Adolescent blood pressure, body mass index and skin folds: Sorting out the effects of early weight and length gains

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Journal of epidemiology and community health (Impact Factor: 3.5). 02/2011; 66(2):149-54. DOI: 10.1136/jech.2010.124842
Source: PubMed


Although there is longstanding evidence of the short-term benefits of promoting rapid growth for young children in low-income settings, more recent studies suggest that early weight gain can also increase the risk of chronic diseases in adults. This paper attempts to separate the effects of early life weight and length/height gains on blood pressure, body mass index (BMI), sum of skin folds and subscapular/triceps skin fold ratio at 14-15 years of age.
The sample comprised 833 members of a prospective population-based birth cohort from Brazil. Conditional size (weight or height) analyses were used to express the difference between observed size at a given age and expected size based on a regression, including all previous measures of the same anthropometric index. A positive conditional weight or height indicates growing faster than expected given prior size.
Conditional weights at all age ranges were positively associated with most outcomes; each z-score of conditional weight at 4 years was associated with an increase of 6.1 mm in the sum of skin folds (95% CI 4.5 to 7.6) in adolescence after adjustment for conditional length/height. Associations of the outcomes with conditional length/height were mostly negative or non-significant-each z-score was associated with a reduction of 2.4 mm (95% CI -3.8 to -1.1) in the sum of skin folds after adjustment for conditional weight. No associations were found with the skin fold ratio.
The promotion of rapid length/height gain without excessive weight gain seems to be beneficial for long-term outcomes, but this requires confirmation from other studies.

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Available from: Pedro Hallal, Oct 01, 2015
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    • "The association of weight gain with MetS risk is consistent with findings from a study addressing the same question, in a Scandinavian country [19]. Infancy weight gain has previously been associated with later obesity in childhood and adulthood [15] [18] [25] [26]. "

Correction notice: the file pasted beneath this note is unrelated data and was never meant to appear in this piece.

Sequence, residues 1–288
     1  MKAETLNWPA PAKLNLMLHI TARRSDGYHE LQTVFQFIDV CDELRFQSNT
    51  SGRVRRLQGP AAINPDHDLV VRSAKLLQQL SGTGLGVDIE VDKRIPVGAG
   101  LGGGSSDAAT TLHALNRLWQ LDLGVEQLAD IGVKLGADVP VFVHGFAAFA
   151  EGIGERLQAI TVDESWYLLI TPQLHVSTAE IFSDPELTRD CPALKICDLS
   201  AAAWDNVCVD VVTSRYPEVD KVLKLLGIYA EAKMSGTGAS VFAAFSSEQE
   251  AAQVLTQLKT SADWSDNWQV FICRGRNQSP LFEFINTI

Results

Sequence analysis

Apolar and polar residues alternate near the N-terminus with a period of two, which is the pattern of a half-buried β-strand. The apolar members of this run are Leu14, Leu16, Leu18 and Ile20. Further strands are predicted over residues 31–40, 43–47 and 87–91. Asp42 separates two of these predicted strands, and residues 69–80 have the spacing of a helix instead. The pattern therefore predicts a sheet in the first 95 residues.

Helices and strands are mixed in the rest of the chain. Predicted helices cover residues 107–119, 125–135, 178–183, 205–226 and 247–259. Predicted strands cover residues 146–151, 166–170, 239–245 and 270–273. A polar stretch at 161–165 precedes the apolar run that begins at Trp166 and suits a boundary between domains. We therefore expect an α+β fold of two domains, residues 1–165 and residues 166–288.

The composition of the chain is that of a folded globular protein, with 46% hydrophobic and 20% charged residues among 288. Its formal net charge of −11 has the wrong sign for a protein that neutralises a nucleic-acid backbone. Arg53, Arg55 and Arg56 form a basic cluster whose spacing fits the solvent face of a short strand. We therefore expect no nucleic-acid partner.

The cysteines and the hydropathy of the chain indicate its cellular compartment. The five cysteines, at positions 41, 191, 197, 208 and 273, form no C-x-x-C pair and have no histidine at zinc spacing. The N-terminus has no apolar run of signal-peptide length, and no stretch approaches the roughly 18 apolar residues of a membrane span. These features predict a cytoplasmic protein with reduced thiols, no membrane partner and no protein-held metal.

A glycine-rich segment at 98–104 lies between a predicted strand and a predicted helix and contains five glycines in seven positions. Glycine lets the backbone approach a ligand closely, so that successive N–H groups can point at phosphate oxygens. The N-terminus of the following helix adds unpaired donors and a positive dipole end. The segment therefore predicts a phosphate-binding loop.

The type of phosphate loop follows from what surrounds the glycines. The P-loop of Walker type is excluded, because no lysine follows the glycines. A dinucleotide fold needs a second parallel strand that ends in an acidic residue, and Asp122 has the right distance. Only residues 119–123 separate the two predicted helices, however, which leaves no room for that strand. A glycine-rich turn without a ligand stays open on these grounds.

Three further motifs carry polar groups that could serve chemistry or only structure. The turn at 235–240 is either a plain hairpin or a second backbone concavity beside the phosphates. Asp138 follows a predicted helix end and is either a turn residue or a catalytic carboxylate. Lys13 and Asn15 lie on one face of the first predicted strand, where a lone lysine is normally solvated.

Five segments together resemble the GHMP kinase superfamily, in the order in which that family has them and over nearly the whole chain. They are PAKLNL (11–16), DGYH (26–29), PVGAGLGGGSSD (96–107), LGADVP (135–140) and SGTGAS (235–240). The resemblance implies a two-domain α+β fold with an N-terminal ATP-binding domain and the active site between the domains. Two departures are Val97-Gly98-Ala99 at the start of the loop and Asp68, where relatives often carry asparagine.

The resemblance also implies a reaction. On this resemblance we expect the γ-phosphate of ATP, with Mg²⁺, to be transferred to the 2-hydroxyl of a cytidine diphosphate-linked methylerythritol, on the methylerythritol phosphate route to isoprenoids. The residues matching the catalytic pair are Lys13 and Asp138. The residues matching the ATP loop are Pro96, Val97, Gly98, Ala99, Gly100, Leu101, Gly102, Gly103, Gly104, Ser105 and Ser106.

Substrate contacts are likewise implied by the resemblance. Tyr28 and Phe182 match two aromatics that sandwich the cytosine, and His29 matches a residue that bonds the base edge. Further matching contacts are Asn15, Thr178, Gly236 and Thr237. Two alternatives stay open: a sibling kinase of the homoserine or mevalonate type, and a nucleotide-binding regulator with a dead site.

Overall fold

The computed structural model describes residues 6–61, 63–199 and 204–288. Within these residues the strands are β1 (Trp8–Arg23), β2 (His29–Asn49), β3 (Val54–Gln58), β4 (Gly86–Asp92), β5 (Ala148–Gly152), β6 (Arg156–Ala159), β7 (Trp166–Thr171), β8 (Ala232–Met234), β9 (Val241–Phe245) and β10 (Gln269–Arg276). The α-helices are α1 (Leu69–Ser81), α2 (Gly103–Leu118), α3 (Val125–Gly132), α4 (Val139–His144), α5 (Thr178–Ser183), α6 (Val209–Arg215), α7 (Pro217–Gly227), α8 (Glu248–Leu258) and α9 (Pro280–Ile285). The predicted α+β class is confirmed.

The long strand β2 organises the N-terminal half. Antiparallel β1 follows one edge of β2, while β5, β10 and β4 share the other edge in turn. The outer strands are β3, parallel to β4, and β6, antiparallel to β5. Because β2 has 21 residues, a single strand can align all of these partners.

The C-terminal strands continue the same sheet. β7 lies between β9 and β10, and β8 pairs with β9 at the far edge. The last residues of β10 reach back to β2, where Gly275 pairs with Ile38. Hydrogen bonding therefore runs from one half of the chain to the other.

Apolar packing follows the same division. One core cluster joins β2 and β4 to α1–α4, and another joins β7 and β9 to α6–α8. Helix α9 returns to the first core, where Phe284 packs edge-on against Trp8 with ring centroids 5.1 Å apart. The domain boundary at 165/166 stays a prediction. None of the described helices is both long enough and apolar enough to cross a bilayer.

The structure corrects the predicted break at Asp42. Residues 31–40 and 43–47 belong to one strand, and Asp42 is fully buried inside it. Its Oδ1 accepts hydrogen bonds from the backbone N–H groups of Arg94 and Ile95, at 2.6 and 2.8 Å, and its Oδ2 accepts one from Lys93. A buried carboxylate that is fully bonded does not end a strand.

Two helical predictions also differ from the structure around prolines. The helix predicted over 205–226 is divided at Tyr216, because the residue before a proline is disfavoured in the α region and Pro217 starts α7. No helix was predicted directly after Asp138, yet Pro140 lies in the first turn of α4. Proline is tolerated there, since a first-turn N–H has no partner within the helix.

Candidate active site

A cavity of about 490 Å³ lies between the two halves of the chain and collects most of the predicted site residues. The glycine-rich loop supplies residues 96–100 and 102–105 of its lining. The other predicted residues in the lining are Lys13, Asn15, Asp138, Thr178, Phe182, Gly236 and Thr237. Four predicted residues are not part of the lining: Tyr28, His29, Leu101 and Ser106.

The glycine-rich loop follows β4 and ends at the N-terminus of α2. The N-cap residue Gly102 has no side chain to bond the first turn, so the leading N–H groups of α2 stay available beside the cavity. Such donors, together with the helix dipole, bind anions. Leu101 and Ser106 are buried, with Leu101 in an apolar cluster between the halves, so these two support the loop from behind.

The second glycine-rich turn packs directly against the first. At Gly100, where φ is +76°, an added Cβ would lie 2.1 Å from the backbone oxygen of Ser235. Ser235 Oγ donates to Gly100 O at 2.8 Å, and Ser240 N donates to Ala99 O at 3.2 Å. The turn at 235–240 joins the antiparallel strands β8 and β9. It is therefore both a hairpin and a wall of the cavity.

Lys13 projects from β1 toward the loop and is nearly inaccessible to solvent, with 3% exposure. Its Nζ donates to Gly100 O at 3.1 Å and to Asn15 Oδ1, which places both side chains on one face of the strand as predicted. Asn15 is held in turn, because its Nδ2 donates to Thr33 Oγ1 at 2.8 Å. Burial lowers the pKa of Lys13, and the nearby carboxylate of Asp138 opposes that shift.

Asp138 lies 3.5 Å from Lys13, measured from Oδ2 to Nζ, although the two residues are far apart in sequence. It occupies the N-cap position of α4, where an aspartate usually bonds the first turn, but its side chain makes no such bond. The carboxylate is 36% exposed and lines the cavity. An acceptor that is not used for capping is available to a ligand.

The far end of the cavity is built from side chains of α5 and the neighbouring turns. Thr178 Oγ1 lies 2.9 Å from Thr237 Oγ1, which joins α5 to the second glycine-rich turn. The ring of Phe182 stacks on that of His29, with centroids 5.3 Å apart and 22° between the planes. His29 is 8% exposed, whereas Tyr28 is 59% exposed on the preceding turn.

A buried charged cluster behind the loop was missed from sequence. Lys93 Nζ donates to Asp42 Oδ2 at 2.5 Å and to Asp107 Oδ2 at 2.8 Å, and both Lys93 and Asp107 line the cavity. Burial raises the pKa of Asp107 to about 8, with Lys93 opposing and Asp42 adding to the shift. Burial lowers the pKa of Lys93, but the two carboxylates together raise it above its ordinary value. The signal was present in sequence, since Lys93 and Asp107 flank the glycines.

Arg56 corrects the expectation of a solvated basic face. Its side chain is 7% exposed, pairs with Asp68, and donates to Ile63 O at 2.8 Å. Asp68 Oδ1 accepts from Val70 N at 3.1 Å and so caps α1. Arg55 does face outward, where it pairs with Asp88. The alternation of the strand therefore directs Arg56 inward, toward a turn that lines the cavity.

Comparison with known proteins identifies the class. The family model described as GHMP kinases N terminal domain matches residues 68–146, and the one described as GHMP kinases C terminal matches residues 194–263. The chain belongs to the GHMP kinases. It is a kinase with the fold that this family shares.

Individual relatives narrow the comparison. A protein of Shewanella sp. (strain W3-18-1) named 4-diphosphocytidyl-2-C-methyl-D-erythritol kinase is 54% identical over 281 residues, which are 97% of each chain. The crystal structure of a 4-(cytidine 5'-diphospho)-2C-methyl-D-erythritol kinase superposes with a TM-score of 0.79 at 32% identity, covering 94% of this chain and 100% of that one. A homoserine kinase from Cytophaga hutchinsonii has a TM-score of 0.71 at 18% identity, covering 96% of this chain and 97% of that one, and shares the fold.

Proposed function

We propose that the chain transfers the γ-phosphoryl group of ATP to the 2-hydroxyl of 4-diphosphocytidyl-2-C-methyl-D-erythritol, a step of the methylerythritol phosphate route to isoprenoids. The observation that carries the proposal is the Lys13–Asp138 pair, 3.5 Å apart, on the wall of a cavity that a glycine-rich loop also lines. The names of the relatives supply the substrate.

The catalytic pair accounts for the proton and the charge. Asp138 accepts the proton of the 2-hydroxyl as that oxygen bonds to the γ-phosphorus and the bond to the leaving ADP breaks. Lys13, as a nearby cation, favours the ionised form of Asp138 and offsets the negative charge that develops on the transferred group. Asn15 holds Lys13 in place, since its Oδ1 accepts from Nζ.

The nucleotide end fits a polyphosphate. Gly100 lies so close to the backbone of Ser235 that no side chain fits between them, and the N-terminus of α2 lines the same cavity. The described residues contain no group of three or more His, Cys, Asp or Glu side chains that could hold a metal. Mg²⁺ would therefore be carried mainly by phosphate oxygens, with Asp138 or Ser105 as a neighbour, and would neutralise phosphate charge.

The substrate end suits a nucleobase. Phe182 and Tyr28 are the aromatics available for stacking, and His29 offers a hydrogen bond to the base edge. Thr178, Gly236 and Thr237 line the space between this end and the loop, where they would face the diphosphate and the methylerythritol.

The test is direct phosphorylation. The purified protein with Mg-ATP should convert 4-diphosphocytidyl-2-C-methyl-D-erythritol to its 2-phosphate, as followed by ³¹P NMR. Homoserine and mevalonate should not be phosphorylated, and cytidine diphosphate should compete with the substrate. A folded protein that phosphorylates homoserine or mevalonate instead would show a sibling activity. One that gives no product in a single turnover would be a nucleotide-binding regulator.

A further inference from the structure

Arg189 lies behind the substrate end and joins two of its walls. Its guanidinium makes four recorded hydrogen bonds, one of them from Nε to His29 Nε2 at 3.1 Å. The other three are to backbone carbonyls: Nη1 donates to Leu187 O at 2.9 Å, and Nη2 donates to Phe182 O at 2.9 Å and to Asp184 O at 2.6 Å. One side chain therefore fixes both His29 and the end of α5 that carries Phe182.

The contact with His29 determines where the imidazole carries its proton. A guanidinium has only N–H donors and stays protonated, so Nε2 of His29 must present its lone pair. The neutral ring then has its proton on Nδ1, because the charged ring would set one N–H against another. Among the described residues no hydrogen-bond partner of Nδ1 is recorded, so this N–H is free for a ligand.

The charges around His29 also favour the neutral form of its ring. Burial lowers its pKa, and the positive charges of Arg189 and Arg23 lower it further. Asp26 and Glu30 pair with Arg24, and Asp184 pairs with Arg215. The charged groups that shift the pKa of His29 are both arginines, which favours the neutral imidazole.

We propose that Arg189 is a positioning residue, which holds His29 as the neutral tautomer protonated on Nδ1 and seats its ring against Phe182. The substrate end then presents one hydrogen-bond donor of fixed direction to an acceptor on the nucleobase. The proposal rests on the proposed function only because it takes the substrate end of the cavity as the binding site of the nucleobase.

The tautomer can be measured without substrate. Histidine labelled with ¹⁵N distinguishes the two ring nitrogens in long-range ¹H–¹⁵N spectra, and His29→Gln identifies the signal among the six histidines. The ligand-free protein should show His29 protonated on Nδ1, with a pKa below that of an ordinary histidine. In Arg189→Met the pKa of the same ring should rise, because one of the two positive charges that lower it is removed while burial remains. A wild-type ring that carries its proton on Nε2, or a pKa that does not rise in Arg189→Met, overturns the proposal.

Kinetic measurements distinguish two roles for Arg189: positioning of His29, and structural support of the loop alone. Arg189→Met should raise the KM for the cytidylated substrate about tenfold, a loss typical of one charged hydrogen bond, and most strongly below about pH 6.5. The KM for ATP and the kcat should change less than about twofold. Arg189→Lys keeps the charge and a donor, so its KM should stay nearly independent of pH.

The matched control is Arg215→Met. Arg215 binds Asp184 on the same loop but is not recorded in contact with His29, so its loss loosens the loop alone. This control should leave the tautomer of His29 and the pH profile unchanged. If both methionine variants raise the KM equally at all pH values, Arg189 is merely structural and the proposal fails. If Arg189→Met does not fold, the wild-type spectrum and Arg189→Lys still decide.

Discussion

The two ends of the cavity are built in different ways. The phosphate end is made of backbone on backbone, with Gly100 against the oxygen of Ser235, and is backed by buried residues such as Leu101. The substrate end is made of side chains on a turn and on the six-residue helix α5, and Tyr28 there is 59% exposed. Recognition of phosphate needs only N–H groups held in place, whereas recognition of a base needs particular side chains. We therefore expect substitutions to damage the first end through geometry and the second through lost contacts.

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    Free Radical Research 03/2012; 46(3):253-64. DOI:10.3109/10715762.2011.651467 · 2.98 Impact Factor
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    ABSTRACT: Purpose Early growth patterns have been associated with subsequent obesity risk. However, findings from middle-income populations suggest that early infant growth may benefit lean mass and height rather than adiposity. We tested the hypothesis that rapid weight or length gain in different growth periods would be associated with size and body composition in adolescence, in a prospective birth cohort from southern Brazil. Methods Body composition was assessed in 425 adolescents (52.2% male) at 14 years. Exposures were birth weight z-score and conditional growth in weight or length for the periods 0–6, 6–12 and 12–48 months. Differences in anthropometric and body composition outcomes between tertiles of growth in each period were tested by one-way analysis of variance. Results Size at birth and conditional weight and length at 6 months were associated with later height. The effect of infant weight gain on lean mass was greater for males than females, and effect on fat mass greater for females than males. By early childhood, rapid weight gain generated relatively similar effects on both tissue masses in both sexes. Rapid length gain had stronger effects on outcomes in males than females at each time point, and benefited lean mass more than adiposity. All effects were substantially attenuated after adjusting for current height. Early weight gain was more important than length gain at influencing body composition outcomes in adolescence. Conclusions Rapid infant weight and length gains were primarily associated with larger size in adolescence rather than increased adiposity. From one year onwards, associations between rapid weight gain and fat and lean masses remained after adjustment for height.
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